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Johnson & Johnson Ordered to Pay $572M in Landmark Opioid Case; Tropical Storm Dorian Heads Toward Caribbean; Sen. Elizabeth Warren Drawing Big Crowds at Rallies. Aired 6-6:30a ET

Aired August 27, 2019 - 06:00   ET

THIS IS A RUSH TRANSCRIPT. THIS COPY MAY NOT BE IN ITS FINAL FORM AND MAY BE UPDATED.


(BEGIN VIDEOTAPE)

UNIDENTIFIED MALE: Johnson & Johnson, motivated by greed and avarice, is responsible for the opioid epidemic in our state.

[05:59:12] UNIDENTIFIED FEMALE: A landmark decision and success for the state of Oklahoma.

SANJAY GUPTA, CNN MEDICAL CORRESPONDENT: For a long time these drug companies have been saying we weren't to blame here. This ruling suggests that that's not the case.

DONALD TRUMP (R), PRESIDENT OF THE UNITED STATES: From the moment we got here we've been treated beautifully.

JIM ACOSTA, CNN CHIEF WHITE HOUSE CORRESPONDENT: Throughout this G-7 summit the president and his team offered conflicting and false statements on a whole range of topics.

UNIDENTIFIED FEMALE: He continues to diminish U.S. credibility by his erratic and unpredictable behaviors.

(END VIDEOTAPE)

ANNOUNCER: This is NEW DAY with Alisyn Camerota and John Berman.

ALISYN CAMEROTA, CNN ANCHOR: We want to welcome our viewers in the United States and around the world, this is NEW DAY, it is Tuesday, August 27, 6 a.m. here in New York.

And we begin with a landmark legal judgment in the opioid crisis. A judge in Oklahoma ordering pharmaceutical giant Johnson & Johnson to pay $572 million for its role in fueling the opioid crisis that has ravaged that state, leading to thousands of deaths.

This is the first time a judge has held a drug maker culpable for the impact of these painkillers. The company plans to appeal.

JOHN BERMAN, CNN ANCHOR: And we have breaking weather news this morning that could affect millions of Americans. Moments ago, the National Hurricane Center issued a tropical storm warning and hurricane watch for Puerto Rico. You can see right there what they're worried about. It's Tropical Storm Dorian. The island's new governor has declared a state of emergency as Puerto

Rico prepares for a direct strike. That could happen tomorrow. As you can see there, Florida is now in the cone for potential landfall as well. We have Chad Myers looking through the new data. He will track the storm for us and give us a forecast moments from now.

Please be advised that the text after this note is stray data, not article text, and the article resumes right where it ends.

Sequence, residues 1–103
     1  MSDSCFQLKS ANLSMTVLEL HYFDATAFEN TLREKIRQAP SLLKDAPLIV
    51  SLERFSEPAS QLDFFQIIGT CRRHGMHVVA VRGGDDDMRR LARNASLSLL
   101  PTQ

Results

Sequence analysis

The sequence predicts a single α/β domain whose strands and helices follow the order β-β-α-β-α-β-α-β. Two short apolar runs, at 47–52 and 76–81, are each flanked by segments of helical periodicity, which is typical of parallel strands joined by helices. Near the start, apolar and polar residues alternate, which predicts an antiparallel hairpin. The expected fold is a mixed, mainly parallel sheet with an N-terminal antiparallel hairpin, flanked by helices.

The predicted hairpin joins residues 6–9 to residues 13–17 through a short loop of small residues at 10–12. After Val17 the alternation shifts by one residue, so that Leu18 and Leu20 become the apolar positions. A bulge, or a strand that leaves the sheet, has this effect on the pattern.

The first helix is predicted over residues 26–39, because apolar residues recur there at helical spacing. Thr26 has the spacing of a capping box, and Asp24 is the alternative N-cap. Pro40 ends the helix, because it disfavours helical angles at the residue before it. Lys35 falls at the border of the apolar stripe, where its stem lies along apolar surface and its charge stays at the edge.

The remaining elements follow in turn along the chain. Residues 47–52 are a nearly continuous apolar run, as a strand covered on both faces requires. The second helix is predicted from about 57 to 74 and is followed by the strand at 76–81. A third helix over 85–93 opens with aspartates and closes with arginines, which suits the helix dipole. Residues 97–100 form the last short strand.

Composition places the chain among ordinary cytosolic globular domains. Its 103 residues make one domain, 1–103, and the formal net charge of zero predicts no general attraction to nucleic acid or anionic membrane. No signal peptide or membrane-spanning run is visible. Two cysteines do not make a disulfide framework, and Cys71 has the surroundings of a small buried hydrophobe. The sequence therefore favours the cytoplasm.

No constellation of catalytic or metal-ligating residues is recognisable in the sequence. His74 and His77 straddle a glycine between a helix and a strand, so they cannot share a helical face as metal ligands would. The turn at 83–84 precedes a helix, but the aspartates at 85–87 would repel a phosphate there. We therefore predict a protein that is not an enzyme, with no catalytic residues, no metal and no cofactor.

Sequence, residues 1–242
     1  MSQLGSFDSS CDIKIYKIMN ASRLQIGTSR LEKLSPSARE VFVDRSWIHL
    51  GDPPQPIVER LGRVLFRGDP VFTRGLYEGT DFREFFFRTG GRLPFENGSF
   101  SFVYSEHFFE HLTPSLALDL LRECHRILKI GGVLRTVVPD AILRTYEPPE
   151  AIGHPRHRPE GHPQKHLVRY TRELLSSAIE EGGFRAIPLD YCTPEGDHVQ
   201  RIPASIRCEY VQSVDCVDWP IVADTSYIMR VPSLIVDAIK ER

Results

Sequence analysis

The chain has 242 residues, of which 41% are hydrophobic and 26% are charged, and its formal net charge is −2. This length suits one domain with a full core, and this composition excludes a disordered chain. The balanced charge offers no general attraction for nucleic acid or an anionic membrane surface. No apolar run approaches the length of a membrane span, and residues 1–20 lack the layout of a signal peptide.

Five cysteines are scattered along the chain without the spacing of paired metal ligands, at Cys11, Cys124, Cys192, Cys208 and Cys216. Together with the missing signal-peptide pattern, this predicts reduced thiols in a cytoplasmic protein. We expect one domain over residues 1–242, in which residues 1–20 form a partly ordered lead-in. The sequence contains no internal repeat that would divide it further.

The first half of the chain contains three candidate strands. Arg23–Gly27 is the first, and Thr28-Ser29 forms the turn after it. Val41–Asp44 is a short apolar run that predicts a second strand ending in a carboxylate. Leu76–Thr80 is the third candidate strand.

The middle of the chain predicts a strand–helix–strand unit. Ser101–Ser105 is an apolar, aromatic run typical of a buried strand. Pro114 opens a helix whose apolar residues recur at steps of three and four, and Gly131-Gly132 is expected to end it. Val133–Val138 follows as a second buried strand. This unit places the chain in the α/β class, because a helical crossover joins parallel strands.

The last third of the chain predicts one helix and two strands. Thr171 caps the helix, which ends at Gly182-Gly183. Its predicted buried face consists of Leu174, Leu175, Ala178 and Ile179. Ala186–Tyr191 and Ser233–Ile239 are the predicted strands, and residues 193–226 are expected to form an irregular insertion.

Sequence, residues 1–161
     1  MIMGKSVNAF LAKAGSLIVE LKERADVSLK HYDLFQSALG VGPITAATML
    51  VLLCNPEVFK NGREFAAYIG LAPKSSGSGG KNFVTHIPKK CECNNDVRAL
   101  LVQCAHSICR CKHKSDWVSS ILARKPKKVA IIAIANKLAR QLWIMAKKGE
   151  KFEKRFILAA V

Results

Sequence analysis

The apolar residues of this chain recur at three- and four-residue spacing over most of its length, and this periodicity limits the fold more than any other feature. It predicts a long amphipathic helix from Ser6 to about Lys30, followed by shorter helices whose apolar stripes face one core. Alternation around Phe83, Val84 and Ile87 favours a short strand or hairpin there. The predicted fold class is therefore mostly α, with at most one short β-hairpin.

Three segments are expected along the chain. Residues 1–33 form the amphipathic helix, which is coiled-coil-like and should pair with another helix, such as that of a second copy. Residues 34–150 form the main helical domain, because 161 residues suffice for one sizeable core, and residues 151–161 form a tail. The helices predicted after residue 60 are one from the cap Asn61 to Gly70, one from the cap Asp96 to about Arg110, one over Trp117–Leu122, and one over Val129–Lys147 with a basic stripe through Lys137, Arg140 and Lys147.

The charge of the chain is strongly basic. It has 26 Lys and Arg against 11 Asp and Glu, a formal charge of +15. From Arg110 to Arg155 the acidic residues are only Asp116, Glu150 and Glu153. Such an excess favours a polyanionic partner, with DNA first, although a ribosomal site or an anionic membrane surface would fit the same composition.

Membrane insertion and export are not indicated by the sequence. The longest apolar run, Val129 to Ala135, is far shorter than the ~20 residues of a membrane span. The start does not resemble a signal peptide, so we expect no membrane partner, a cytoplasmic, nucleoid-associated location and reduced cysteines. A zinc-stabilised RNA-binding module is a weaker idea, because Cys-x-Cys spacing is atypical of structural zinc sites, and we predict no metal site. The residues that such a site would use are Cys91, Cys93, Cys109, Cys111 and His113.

But first, we're going to be with CNN's Alexandra Field, live in Norman, Oklahoma. And Alexandra, this is an historic judgment in the opioid crisis.

ALEXANDRA FIELD, CNN CORRESPONDENT: A landmark decision, John. Look, Oklahoma says that the opioid crisis has claimed some 6,000 lives. They went after Johnson & Johnson for $17 billion. They won just a fraction of that, but the victory could have implications across the nation.

(BEGIN VIDEOTAPE)

JUDGE THAD BALKMAN, CLEVELAND COUNTY DISTRICT, OKLAHOMA: I am entering an abatement plan that consists of costs totaling $572,102,028.

FIELD (voice-over): A landmark decision worth over half a billion dollars with an Oklahoma judge ruling Johnson & Johnson bears responsibility for the state's opioid epidemic.

BALKMAN: The defendants caused an opioid crisis that is evidenced by increased rates of addiction, overdose deaths and neonatal abstinence syndrome in Oklahoma.

FIELD: After a trial more than seven weeks and dozens of witnesses taking the stand, Judge Thad Balkman ruling the drug manufacturer "engaged in false and misleading marketing of both their drugs and opioids."

BALKMAN: Those actions compromised the health and safety of thousands of Oklahomans.

FIELD: Prosecutors praising the judge's decision as more than 2,000 similar lawsuits have been rolled into one federal trial, slated for this fall, seeking similar outcoming outcomes against drug manufacturers, with the opioid epidemic devastating communities nationwide.

MICHAEL HUNTER, ATTORNEY GENERAL, OKLAHOMA: We have proven that Johnson & Johnson built its billion-dollar brand out of greed and on the backs of pain and suffering of innocent people.

FIELD: Johnson & Johnson writing in a statement it's "confident it has strong grounds to appeal this decision," adding, "The decision in this case is flawed."

SABRINA STRONG, ATTORNEY, JOHNSON & JOHNSON: Today's decision reflects a radical departure from more than a century of case law in this state. FIELD: In 2017, the state sued Johnson & Johnson, along with other

drug manufacturers, Purdue Pharma and Teva Pharmaceuticals, saying they aggressively marketed opioids to doctors and downplayed the addictive nature of their products. Both Purdue and Teva settled for a total of more than $350 million, now giving Oklahoma nearly $1 billion to put towards treatment and prevention programs.

HUNTER: We're happy with the verdict. Obviously, we would have liked more, but we're very happy with the judge, again, finding that Johnson & Johnson was culpable for what's happened in Oklahoma.